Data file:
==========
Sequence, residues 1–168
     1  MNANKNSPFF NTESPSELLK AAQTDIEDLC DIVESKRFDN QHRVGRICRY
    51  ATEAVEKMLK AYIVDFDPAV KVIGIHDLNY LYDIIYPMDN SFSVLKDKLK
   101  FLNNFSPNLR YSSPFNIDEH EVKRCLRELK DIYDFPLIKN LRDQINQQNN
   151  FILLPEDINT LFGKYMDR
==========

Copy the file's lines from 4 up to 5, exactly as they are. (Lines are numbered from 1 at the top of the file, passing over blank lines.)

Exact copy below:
   101  FLNNFSPNLR YSSPFNIDEH EVKRCLRELK DIYDFPLIKN LRDQINQQNN
   151  FILLPEDINT LFGKYMDR